Combination drug taken early relieves migraine symptoms

July 7, 2008

A combination drug taken within an hour after the start of a migraine is effective in relieving symptoms, according to research published in the July 8, 2008, issue of Neurology, the medical journal of the American Academy of Neurology.

The drug combines sumatriptan, a migraine-specific drug that affects the constriction of blood vessels, with naproxen sodium, a non-steroidal anti-inflammatory drug that works on the inflammatory aspect of migraine and relieves non-traditional migraine symptoms such as sinus pain and pressure and neck pain.

"Unfortunately, many migraine sufferers put off treatment," said study author Stephen Silberstein, MD, of Thomas Jefferson University in Philadelphia, PA, and a Fellow of the American Academy of Neurology. "This study provides more evidence that treating a migraine at the first sign of pain increases the likelihood of relief."

The research involved two studies with a total of 1,111 people with migraine who had experienced two to six attacks per month in the three months before the study started. Half of the people were given the sumatriptan/naproxen drug within an hour after migraine pain started and while the pain was still mild; the other half were given a placebo.

Two hours after the dose was given, about 50 percent of those who received the drug were free of any pain, compared to about 16 percent of those who got the placebo. The people who took the placebo were also two to three times more likely to progress to moderate or severe pain over four hours than those who took the drug.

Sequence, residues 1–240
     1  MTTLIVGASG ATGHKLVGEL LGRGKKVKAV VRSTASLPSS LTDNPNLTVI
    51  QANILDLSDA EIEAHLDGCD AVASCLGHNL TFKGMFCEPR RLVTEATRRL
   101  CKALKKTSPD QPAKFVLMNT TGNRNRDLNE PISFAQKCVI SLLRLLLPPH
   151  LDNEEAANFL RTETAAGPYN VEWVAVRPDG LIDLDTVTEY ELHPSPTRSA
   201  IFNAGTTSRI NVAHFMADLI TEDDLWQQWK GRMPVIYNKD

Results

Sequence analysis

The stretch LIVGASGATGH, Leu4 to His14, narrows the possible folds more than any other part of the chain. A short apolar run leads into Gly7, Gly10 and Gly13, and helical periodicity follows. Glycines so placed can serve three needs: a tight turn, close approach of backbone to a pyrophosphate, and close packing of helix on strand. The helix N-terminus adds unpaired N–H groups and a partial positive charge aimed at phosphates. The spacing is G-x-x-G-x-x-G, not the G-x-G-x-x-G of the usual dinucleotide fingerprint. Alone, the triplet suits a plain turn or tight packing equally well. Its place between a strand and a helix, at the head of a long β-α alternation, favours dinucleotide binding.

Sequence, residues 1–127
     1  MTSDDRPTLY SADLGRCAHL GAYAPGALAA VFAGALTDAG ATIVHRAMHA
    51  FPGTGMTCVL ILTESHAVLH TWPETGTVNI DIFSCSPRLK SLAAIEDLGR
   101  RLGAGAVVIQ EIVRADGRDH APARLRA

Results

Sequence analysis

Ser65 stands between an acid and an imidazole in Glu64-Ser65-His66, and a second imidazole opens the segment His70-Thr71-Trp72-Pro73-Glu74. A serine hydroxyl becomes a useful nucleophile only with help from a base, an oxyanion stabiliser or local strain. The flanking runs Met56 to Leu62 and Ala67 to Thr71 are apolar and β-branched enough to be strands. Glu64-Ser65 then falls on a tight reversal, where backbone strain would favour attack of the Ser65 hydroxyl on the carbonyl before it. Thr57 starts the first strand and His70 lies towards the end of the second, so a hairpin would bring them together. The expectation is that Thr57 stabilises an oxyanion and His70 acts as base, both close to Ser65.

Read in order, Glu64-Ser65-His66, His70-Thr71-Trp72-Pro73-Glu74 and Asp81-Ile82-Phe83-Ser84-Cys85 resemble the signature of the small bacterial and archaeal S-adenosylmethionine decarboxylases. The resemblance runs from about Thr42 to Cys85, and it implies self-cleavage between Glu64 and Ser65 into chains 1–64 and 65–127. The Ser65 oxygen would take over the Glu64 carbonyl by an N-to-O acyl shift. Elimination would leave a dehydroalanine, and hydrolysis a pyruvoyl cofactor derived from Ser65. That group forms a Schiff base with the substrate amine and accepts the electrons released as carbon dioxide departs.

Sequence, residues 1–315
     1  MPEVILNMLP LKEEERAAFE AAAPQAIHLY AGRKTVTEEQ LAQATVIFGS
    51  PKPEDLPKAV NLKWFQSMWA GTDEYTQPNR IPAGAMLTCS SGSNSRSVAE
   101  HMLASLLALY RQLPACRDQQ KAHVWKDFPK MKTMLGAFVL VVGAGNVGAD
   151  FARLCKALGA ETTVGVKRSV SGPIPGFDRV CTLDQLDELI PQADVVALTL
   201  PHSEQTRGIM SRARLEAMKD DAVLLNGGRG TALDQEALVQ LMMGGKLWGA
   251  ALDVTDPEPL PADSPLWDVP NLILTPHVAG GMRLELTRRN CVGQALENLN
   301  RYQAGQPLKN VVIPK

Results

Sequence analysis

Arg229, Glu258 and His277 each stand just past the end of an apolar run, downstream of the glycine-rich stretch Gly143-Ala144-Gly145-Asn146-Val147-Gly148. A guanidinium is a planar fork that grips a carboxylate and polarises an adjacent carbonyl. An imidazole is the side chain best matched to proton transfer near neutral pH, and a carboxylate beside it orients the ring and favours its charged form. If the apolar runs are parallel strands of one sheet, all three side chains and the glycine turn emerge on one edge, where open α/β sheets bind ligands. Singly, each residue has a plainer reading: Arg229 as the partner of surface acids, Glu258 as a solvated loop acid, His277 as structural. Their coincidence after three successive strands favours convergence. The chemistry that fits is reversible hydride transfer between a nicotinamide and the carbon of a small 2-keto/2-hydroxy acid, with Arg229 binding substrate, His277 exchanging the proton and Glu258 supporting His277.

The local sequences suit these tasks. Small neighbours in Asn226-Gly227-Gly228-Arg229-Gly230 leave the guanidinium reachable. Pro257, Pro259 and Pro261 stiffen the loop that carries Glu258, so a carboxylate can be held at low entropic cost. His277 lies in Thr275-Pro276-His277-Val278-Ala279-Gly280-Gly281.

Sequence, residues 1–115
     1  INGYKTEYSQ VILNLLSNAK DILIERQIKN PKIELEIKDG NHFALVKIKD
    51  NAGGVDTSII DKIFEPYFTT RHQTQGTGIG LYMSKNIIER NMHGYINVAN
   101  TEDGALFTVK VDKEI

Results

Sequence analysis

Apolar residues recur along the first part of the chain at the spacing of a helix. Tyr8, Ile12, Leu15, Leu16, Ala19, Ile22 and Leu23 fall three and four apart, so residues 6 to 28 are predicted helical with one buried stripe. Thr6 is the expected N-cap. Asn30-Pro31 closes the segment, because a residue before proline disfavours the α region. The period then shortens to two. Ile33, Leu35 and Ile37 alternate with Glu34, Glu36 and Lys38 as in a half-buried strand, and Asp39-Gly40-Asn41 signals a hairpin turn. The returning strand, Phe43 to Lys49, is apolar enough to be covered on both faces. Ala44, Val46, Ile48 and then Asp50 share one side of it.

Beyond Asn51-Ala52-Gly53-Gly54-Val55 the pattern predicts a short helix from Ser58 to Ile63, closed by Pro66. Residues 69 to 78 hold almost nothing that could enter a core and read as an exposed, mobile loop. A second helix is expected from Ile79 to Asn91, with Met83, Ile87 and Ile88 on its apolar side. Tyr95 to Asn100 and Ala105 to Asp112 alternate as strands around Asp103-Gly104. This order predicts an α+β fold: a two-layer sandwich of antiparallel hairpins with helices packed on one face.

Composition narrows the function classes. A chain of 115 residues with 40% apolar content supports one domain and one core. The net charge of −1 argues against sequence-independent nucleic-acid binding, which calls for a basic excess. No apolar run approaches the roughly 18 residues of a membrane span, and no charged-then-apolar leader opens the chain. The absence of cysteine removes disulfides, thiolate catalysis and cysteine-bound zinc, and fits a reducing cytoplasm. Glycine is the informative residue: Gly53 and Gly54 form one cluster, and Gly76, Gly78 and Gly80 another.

Those who took the drug also had fewer traditional migraine-related symptoms such as nausea and sensitivity to light and sound and fewer non-traditional symptoms such as neck and sinus pain than those who took the placebo.

Silberstein noted that only people whose migraines had a mild pain phase were included in the study, so it is not clear whether the results would apply to people whose migraines start at the moderate or severe pain level.

Source: American Academy of Neurology

Explore further: Oxygen therapy might ease pain of migraine, cluster headaches

Related Stories

New era of pain drugs advanced by Barrow researcher

February 9, 2010

Research led by a scientist at Barrow Neurological Institute at St. Joseph's Hospital and Medical Center has opened the door for the advancement of a new category of painkillers, called TRPV1 antagonists.

Migraine: Aspirin and an antiemetic is a reasonable option

April 14, 2010

A single dose of 900-1000 mg aspirin can substantially reduce migraine headache pain within two hours, for more than half of people who take it. It also reduces any associated nausea, vomiting, and sensitivity to light or ...

Scientists identify protein that may promote migraines

March 8, 2007

A University of Iowa study may provide an explanation for why some people get migraine headaches while others do not. The researchers found that too much of a small protein called RAMP1 appears to "turn up the volume" of ...

Why Women Get More Migraines Than Men

August 3, 2007

For every man with a migraine, three women are struck by the severe headaches that often come with nausea, sensitivity to light and sound, and aura. That means a staggering 18 to 25 percent of women suffer from migraines, ...

Recommended for you

How the finch changes its tune

August 3, 2015

Like top musicians, songbirds train from a young age to weed out errors and trim variability from their songs, ultimately becoming consistent and reliable performers. But as with human musicians, even the best are not machines. ...

Machine Translates Thoughts into Speech in Real Time

December 21, 2009

( -- By implanting an electrode into the brain of a person with locked-in syndrome, scientists have demonstrated how to wirelessly transmit neural signals to a speech synthesizer. The "thought-to-speech" process ...


Please sign in to add a comment. Registration is free, and takes less than a minute. Read more

Click here to reset your password.
Sign in to get notified via email when new comments are made.